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Neurochem Res. 2016 Mar;41(3):492-9. doi: 10.1007/s11064-015-1637-7. Epub 2015 Jun 19.

The Two Faces of Social Interaction Reward in Animal Models of Drug Dependence.

Author information

1
Experimental Psychiatry Unit, Department of General Psychiatry and Social Psychiatry, Center of Psychiatry and Psychotherapy, Medical University of Innsbruck, Innrain 66a, 6020, Innsbruck, Austria.
2
Experimental Psychiatry Unit, Department of General Psychiatry and Social Psychiatry, Center of Psychiatry and Psychotherapy, Medical University of Innsbruck, Innrain 66a, 6020, Innsbruck, Austria. alois.saria@i-med.ac.at.

Abstract

Drug dependence is a serious health and social problem. Social factors can modify vulnerability to developing drug dependence, acting as risk factors or protective factors. Whereas stress and peer environment that encourage substance use may increase drug taking, strong attachments between family members and peer environment that do not experience drug use may protect against drug taking and, ultimately, drug dependence. The rewarding effects of drug abuse and social interaction can be evaluated using animal models. In this review we focus on evaluating social interaction reward in the conditioned place preference paradigm. We give an overview of how social interaction, if made available within the drug context, may facilitate, promote and interact with the drug's effects. However, social interaction, if offered alternatively outside the drug context, may have pronounced protective effects against drug abuse and relapse. We also address the importance of the weight difference parameter between the social partners in determining the positive or "agonistic" versus the hostile or "antagonistic" social interaction. We conclude that understanding social interaction reward and its subsequent effects on drug reward is sorely needed for therapeutic interventions against drug dependence.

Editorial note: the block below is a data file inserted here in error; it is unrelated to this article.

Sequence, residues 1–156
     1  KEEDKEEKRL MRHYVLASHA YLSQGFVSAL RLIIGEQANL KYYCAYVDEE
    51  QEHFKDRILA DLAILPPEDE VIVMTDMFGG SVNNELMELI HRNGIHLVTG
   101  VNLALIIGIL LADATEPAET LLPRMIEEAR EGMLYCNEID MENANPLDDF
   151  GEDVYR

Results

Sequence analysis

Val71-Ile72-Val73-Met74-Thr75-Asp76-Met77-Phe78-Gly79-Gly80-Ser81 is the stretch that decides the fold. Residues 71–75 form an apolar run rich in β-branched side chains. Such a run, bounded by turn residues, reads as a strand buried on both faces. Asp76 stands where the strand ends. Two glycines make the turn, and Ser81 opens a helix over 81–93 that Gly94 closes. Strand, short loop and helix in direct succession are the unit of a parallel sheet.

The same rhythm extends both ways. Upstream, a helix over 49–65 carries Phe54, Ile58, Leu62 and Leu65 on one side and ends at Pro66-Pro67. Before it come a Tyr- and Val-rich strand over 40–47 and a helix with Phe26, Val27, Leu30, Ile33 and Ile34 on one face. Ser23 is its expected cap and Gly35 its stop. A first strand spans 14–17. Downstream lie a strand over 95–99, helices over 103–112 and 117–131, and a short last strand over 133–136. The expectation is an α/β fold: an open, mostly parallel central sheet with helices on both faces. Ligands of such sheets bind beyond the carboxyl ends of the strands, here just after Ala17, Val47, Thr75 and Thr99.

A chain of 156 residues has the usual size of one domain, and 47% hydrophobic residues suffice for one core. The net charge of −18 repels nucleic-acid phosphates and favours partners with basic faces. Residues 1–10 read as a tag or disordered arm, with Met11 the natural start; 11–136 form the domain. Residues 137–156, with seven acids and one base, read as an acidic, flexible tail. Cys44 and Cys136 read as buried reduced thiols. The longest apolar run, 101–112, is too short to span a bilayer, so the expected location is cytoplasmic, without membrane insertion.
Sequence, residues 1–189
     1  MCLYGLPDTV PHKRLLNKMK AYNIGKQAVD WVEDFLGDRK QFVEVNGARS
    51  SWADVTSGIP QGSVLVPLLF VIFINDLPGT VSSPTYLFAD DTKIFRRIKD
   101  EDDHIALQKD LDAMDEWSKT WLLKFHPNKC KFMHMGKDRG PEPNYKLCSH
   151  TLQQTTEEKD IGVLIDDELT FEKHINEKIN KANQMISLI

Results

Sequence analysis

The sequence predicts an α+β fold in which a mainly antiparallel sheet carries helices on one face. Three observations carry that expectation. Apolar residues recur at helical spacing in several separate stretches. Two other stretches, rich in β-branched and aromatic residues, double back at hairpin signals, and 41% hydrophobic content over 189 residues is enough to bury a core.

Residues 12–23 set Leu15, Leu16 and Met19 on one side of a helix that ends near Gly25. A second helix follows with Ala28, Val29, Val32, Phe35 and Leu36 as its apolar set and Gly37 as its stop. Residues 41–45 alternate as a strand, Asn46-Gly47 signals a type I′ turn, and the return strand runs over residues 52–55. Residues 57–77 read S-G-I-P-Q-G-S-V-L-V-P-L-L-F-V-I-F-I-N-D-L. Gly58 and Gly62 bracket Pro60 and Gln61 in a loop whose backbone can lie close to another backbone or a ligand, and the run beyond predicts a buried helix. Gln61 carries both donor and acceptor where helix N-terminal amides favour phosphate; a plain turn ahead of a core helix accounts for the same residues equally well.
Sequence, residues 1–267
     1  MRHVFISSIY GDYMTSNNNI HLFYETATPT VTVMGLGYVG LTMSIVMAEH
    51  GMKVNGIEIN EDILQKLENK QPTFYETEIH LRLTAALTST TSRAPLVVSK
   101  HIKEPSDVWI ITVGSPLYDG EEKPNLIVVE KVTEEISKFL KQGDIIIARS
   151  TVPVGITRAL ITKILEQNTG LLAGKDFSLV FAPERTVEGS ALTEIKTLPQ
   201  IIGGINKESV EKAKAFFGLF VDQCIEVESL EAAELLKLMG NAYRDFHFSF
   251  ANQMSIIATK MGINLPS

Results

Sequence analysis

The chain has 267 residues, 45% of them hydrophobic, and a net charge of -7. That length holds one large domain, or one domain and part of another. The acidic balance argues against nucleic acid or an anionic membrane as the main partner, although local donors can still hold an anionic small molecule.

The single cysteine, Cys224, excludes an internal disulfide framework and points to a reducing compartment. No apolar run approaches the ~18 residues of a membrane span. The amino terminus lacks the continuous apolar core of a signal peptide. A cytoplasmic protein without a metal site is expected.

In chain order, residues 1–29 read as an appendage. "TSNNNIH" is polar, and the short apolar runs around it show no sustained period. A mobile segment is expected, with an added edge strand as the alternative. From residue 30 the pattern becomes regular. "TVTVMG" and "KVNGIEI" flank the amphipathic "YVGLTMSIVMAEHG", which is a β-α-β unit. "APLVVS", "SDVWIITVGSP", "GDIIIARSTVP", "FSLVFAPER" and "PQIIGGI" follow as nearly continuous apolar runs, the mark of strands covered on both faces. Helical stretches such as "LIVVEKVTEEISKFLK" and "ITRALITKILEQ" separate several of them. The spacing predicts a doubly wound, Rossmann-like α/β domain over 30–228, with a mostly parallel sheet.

KEYWORDS:

Animal model; Conditioned place preference; Drug context; Drug dependence; Reward; Social interaction

PMID:
26088685
PMCID:
PMC5108405
DOI:
10.1007/s11064-015-1637-7
[Indexed for MEDLINE]
Free PMC Article

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